Women finding education in mosques
The mosques which have the highest number of women on Friday include Diwan Bigi in central Faizabad, the Wahdat mosque in Orgo district and Salman Farse mosque in Baharak district.
Last year, there were only about 20-30 women at Friday prayers in each of these mosques, but this year, the number has increased to about 100, the women say.
The women say they learn many things from Friday sermons, including religious issues, their rights as a woman and as a wife and how to act according to Islam.
Some women were drawn to the mosque after hearing the imam’s speech by loudspeaker from their homes.
At the Diwan Bigi mosque in central Faizabad, the entire second floor has been set aside for women for the past six months.
Bibi Hajira, 35, a resident of Diwan Bigi, has been going to Friday prayer along with her two neighbours for six months.
“My family does not try to stop me from going. They are happy to see me pray five times a day. Many women are so busy with their household chores they cannot go to the mosque. But Friday prayer has more reward than housework.”
Basira, 45, a resident of Khair Abad village of Baharak district, said it takes her one hour to walk to the mosque. “I don’t feel tired. More than anything my interest and enthusiasm grows.”
Basira has a third-grade education and six children. “I have learned many things at Friday prayers, especially the rights of wife and husband, children’s rights and parents’ rights.
“I try to encourage other women to go to the mosque, that’s why there are more women attending Friday prayers.”
“Scholars preach about religious issues, the rights of men and women and the elimination of violence against women. This is why we want more women to attend the mosque,” he said.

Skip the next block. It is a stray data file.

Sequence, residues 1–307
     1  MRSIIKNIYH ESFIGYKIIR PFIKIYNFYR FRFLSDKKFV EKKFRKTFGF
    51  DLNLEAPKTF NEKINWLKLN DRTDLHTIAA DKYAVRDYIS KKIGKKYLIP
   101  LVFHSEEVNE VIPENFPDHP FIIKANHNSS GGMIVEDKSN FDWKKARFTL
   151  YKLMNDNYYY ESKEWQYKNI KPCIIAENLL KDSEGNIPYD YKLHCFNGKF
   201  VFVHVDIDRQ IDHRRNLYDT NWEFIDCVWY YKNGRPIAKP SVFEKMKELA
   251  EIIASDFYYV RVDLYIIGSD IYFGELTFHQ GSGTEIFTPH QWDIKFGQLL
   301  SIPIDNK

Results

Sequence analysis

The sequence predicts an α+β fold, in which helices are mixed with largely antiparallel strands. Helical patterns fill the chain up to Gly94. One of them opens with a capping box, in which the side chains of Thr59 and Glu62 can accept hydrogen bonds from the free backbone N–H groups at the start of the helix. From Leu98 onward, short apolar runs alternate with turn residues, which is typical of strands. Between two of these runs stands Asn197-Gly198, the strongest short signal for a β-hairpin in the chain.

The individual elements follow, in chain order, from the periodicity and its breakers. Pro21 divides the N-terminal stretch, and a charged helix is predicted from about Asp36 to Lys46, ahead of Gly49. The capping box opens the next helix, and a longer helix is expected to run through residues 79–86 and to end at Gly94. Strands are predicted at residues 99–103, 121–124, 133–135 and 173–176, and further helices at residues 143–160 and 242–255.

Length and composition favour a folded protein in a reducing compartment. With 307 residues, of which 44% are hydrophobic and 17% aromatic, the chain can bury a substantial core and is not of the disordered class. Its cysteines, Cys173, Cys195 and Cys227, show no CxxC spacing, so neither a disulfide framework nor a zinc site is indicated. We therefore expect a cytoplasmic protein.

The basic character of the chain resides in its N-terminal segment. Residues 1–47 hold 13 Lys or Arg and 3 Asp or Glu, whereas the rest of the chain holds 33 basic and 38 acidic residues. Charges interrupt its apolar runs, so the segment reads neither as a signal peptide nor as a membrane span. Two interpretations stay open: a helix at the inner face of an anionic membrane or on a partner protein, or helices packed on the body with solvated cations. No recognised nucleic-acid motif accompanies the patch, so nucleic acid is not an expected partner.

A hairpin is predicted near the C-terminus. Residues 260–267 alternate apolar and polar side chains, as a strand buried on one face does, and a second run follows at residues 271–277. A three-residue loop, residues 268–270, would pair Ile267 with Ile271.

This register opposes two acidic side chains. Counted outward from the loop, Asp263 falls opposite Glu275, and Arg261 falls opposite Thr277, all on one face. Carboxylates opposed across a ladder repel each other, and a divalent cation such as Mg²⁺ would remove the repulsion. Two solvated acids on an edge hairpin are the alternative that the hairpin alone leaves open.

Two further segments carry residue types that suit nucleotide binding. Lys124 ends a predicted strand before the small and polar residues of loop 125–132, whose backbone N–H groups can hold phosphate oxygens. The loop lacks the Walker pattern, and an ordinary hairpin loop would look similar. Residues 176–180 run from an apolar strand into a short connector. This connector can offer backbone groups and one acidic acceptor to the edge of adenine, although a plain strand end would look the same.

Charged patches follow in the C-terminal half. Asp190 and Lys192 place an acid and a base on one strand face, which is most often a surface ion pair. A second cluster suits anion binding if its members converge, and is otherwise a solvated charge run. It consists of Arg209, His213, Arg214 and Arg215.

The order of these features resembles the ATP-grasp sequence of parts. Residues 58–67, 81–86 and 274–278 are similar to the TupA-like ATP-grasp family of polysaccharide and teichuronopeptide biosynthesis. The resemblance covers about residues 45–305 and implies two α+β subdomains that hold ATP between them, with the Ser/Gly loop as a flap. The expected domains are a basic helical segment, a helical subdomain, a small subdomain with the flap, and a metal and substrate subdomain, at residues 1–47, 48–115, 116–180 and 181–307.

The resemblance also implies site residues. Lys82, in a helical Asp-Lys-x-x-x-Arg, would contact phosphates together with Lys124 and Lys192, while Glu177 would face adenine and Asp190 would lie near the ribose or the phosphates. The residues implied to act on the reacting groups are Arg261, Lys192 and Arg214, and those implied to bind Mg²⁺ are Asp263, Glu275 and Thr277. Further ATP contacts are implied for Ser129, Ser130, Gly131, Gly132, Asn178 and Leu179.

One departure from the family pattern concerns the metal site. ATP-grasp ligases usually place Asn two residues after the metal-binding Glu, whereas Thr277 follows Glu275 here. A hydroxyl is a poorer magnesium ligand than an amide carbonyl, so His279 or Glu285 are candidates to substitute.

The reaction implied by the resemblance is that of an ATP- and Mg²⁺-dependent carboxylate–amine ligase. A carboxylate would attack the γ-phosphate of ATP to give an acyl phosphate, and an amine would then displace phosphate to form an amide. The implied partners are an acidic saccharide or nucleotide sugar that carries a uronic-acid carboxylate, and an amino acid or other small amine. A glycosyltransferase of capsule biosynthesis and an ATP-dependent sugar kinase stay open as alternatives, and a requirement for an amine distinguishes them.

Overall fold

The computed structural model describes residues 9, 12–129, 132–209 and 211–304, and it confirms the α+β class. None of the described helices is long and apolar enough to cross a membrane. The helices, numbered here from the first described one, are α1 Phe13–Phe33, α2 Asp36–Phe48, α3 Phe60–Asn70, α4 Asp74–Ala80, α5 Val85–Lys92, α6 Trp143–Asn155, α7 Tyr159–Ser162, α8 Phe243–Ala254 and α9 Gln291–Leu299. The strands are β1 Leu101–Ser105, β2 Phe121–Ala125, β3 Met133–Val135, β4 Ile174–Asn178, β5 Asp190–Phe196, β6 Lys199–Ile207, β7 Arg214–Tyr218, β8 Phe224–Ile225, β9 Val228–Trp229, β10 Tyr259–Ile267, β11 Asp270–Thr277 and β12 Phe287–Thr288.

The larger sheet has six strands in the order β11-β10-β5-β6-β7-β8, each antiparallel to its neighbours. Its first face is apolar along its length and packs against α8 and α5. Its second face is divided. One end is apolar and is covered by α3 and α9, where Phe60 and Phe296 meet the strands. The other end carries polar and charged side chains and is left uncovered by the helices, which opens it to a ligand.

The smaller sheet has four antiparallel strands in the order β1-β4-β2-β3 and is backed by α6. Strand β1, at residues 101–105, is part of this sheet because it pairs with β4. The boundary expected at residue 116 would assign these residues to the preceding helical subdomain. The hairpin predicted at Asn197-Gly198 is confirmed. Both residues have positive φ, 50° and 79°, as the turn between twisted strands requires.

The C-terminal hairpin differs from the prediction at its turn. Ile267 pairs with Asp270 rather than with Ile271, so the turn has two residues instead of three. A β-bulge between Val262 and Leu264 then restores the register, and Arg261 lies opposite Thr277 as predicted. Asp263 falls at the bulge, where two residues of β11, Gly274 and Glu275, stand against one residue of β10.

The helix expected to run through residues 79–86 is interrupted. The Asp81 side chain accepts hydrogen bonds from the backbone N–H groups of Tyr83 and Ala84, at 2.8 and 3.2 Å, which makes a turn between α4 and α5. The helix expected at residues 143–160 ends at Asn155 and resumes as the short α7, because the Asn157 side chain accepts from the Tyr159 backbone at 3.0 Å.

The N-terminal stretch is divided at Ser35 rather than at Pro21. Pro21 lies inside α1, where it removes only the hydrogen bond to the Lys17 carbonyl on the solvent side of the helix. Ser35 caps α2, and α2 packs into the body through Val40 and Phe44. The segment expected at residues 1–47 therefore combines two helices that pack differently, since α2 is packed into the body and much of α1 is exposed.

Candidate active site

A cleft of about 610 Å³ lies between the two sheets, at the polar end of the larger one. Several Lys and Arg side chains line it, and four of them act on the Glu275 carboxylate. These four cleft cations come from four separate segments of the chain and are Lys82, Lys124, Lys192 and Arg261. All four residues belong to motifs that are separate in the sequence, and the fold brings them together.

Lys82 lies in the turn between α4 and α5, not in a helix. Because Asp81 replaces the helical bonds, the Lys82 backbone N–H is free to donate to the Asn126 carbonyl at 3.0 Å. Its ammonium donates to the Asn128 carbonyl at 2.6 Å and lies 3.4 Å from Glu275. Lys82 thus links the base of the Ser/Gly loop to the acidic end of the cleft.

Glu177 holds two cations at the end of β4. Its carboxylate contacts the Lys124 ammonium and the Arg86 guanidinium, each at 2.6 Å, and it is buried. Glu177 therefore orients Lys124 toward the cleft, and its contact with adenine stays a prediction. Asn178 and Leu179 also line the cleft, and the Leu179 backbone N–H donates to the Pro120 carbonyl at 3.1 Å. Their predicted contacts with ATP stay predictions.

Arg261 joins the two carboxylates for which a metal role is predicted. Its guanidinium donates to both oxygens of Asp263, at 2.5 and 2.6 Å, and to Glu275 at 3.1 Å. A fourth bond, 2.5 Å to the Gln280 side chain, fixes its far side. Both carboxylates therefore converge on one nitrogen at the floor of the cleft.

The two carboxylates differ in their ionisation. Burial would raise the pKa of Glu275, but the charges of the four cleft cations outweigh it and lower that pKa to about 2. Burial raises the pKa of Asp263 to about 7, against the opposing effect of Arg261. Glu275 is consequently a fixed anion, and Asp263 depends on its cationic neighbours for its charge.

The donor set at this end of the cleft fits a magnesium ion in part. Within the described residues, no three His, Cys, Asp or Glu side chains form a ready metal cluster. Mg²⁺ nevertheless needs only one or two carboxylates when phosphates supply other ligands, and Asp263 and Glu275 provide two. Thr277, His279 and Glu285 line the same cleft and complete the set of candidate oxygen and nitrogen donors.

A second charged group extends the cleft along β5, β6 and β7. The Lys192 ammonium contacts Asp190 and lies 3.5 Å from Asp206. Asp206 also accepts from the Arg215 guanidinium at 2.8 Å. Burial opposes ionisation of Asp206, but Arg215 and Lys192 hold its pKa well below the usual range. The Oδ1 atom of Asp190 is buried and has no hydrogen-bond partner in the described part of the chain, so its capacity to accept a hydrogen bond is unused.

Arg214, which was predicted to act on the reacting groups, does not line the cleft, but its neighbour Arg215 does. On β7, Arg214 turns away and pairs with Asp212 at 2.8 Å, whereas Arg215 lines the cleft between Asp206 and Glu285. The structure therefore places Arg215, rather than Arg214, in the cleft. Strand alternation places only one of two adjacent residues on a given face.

The number of girls attending madrassas is also increasing.
Mullah Mazharudin, an imam at the Salman Farse mosque in Baharak, said there were 800 students at his school, including 300 girls. Last year, there were only 100 girls, he said.
Because of the influx of new students, the school is struggling to provide enough text books. “The Iranian consulate has assisted us with 400 volumes of the Quran which is not enough, we need more help,” he added.
Fatima, 18, said she has memorised the Quran and is learning the hadith.
“When I get home from school, I go to the religious school for one hour. When it is winter, and there is no regular school, I go to the madrassa all day, every day.”
She is also interested in attending Friday prayer, but wants to wait until she has more knowledge about Islamic issues.
Mullah Abdul Kabeer Majidi, head of accountability at the Badakhshan court, said there were no legal or other restrictions against women taking part in Friday prayers.
“In Friday prayers, women learn how an Afghan woman should act different from others; they should pay attention to their veil, raise their level of knowledge, they should know about their own and other’s rights and they should know the pillars of Islam.”
Hajj and Islamic affairs authorities say that there are 2,600 mosques in Badakhshan, and over 300 madrassas.
Two mosques have been built by the Ministry of Hajj and Islamic Affairs, one in Faizabad and the other in Kash district. A third mosque is being built with funds from Saudi Arabia in Shuhada district. Many other mosques have been funded by locals in their areas.
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